There are more than 100 recipes in Gluten-Free Goes Gourmet; most are easy-to-follow and quick to make (even without a mixer), but others require a few hours (preparation plus cooking time), so make sure to plan ahead and carefully read through the recipes before setting about to make them. Everything I tried in Gluten-Free Goes Gourmet turned out just like the photos (which are lovely) and, with the exception of the kugel – which, for some reason, I couldn’t get to the quite the right consistency and which had too much salt for my liking – everything tasted great. There was one typo in the book that I came across: the oatmeal chocolate chip cookie recipe makes almost four-dozen cookies, not 18, as indicated.
Gluten-Free Goes Gourmet contains useful information on many of the ingredients used in the recipes, including their nutritional benefits. It has numerous sections: dips and drinks, salads, soups, meat and poultry, fish, mock dairy, side dishes, breads, desserts, and cakes and cookies. It would have been nice to experiment with these last chapters more, as the cookies I made were so delicious – and all indications are that the other gluten-free desserts and breads will be just as tasty.
The following recipes will give readers an idea of how good “free” eating can be. Enjoy!
Try to buy beets that are uniform in size, since they’ll cook more evenly. As an added bonus, smaller beets are sweeter.
10 beets, peeled 1 red onion
Dressing: 1/2 cup liquid from cooked beets or water 1/3 cup vinegar or freshly squeezed lemon juice 1/4 cup agave, xylitol or granulated sugar 1/4 cup oil 2 tsp kosher salt 1/2 tsp freshly ground pepper
Place beets in an eight-to-10-quart pot (depending on size of beets); cover with water. Bring to a rolling boil over high heat. Cook for one or two hours, maintaining a rolling boil, or until beets are tender enough that the tines of a fork meet with little resistance. Reserving 1/2 cup of cooking water, remove beets from water. Cool slightly. Slice beets according to your preference.
Place beets in a serving bowl; add onions. In a separate small bowl, mix together dressing ingredients. Pour dressing over vegetables, tossing gently until well coated. For best results, cover with plastic wrap and refrigerate overnight. Bring to room temperature before serving.
Yields eight to 10 servings.
CREAM OF ZUCCHINI SOUP
5 large zucchinis, scrubbed clean, washed and cut into thirds 3 large potatoes, peeled and cut into quarters 1 large onion, halved 1/4 tsp freshly ground black pepper 1-2 tbsp (heaping) kosher salt
Place all ingredients into an eight-quart pot. Fill three-quarters full with water and bring to a boil over high heat.
Reduce heat to medium; cook, with lid slightly ajar, for half an hour.
Place immersion blender in pot; blend until smooth.
Makes eight to 10 servings. Freezes very well for up to six months: chill before freezing and thaw in refrigerator.
Preheat oven to 350°F. In the bowl of an electric mixer, cream together eggs and oil. Change paddle attachment to a dough hook.
Add sesame seeds, salt, flour, potato starch, onion and garlic to bowl; mix well.
Divide dough in half. Working with one piece at a time, roll out between layers of parchment paper to 1/16th of an inch thickness.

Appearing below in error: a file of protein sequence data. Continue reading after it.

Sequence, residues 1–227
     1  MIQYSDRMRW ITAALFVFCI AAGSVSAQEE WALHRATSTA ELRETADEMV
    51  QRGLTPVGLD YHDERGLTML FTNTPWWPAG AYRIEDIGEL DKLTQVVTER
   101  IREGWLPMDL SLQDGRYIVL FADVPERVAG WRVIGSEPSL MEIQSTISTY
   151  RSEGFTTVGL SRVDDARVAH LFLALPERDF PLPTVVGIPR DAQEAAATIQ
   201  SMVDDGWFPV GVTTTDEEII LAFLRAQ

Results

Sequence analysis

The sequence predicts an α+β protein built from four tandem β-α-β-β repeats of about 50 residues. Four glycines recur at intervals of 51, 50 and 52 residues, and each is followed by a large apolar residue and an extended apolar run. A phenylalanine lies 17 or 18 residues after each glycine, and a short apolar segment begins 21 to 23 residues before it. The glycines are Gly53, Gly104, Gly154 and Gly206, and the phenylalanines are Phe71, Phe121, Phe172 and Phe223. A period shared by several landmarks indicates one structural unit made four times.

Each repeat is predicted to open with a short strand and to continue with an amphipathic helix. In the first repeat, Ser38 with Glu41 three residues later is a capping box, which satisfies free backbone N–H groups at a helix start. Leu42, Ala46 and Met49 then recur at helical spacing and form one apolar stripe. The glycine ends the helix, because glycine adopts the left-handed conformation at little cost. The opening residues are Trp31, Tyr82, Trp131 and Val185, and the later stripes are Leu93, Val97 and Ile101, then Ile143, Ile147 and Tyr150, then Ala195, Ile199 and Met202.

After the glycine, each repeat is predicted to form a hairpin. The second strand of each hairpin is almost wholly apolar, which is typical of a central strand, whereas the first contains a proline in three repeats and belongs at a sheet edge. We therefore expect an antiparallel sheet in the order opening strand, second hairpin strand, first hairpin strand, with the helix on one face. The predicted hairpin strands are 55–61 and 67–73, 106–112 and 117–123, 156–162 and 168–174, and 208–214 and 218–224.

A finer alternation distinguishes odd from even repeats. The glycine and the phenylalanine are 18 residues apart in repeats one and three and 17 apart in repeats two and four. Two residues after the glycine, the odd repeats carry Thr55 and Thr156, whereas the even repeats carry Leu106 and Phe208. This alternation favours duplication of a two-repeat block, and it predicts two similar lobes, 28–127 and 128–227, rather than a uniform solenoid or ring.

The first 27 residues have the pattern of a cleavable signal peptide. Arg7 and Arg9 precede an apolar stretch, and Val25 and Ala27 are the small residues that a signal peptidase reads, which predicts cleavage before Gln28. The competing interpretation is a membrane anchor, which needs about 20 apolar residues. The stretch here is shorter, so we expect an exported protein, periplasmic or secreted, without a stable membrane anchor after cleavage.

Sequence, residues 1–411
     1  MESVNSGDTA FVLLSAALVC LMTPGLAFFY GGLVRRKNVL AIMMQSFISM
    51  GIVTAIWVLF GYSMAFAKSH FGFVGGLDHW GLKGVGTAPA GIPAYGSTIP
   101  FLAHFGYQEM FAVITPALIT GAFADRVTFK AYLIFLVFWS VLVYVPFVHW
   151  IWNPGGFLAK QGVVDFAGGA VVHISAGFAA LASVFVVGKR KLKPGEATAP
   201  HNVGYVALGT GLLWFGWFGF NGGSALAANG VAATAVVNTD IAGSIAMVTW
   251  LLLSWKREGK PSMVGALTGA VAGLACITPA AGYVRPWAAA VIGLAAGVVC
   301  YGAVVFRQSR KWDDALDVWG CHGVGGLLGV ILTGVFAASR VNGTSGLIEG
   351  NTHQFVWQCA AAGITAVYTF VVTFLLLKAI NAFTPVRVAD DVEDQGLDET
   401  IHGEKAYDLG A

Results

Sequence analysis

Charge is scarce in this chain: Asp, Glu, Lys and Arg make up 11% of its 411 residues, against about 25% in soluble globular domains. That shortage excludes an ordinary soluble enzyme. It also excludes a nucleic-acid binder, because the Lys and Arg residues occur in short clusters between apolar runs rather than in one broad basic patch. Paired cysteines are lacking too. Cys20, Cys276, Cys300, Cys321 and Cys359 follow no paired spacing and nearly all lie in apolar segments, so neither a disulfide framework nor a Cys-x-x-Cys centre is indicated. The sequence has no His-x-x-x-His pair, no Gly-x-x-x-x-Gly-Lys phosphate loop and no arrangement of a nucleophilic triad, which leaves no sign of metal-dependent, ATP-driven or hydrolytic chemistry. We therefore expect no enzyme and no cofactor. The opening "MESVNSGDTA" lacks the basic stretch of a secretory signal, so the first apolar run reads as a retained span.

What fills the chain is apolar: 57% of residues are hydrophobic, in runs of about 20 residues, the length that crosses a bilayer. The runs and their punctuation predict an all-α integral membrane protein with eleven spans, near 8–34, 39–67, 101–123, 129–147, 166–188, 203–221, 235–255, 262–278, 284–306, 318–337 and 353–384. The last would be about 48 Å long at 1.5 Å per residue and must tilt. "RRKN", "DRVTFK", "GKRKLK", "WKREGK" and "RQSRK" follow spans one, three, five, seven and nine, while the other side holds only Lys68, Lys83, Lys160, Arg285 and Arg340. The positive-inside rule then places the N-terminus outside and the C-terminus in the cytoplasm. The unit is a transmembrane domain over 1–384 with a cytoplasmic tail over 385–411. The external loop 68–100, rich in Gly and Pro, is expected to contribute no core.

Remove the top parchment paper; transfer the dough with the parchment paper still under it to a cookie sheet. Cut into one-by-three-inch rectangles. Repeat with the remaining dough.
Bake in preheated oven 14 to 16 minutes or until golden.
Allow crackers to cook on parchment paper on rack.
Yields 60 crackers and the crackers freeze well for up to two months. They will store well in an airtight container at room temperature for up to two weeks.
1/4 cup oil 3 cloves garlic, minced 3 large onions, sliced thinly 1 lb shoulder steak or pepper steak, or 4 pieces minute steak 1 cup semi-dry red wine 1 bay leaf 1 tsp kosher salt 1/2 tsp dried minced garlic 1/4 tsp dried rosemary leaves (optional) 1/8 tsp freshly ground pepper
Heat oil in a large skillet set over medium heat. Add garlic; brown for about one minute. Add onions; sauté until translucent, three to five minutes.
Add steak, wine, bay leaf and spices. Increase heat to high; bring to a boil. Add five cups water; return to a boil. Reduce heat to medium; cook, covered, for two to two-and-a-half hours or until meat is tender. Remove bay leaf before serving.
Makes four servings. Freezes very well for up to six months.
5 large eggs 1 cup oil 2 tbsp (heaping) kosher salt 10 large Idaho/russett potatoes (about 5 lbs), peeled and cut in half lengthwise 1 large onion, peeled and cut in half
Preheat oven to 450°F. In a large bowl, whisk together eggs until lightly beaten. Whisk in oil and salt.
In a food processor fitted with the blade with tiny holes and working in batches, process potatoes and onion until almost smooth. Transfer potato mixture to bowl, blending well with egg mixture.
Pour mixture into a parchment-paper-lined nine-by-13-inch baking pan.
Bake in centre of preheated oven for one hour or until top is browned. Reduce heat to 350°F. Bake for two hours.
Yields 12 generous servings.
OATMEAL CHOCOLATE CHIP COOKIES
1 cup peanut butter 1/4 trans-fat-free margarine, room temperature (1/2 stick) 3/4 cup agave 1/2 cup xylitol or granulated sugar 2 large eggs 1 1/4 tsp baking soda 3 cups old-fashioned rolled oats 2/3 cup chocolate chips (sugar-free, if you prefer)
Preheat oven to 350°F. Line two baking sheets with parchment paper. Set aside.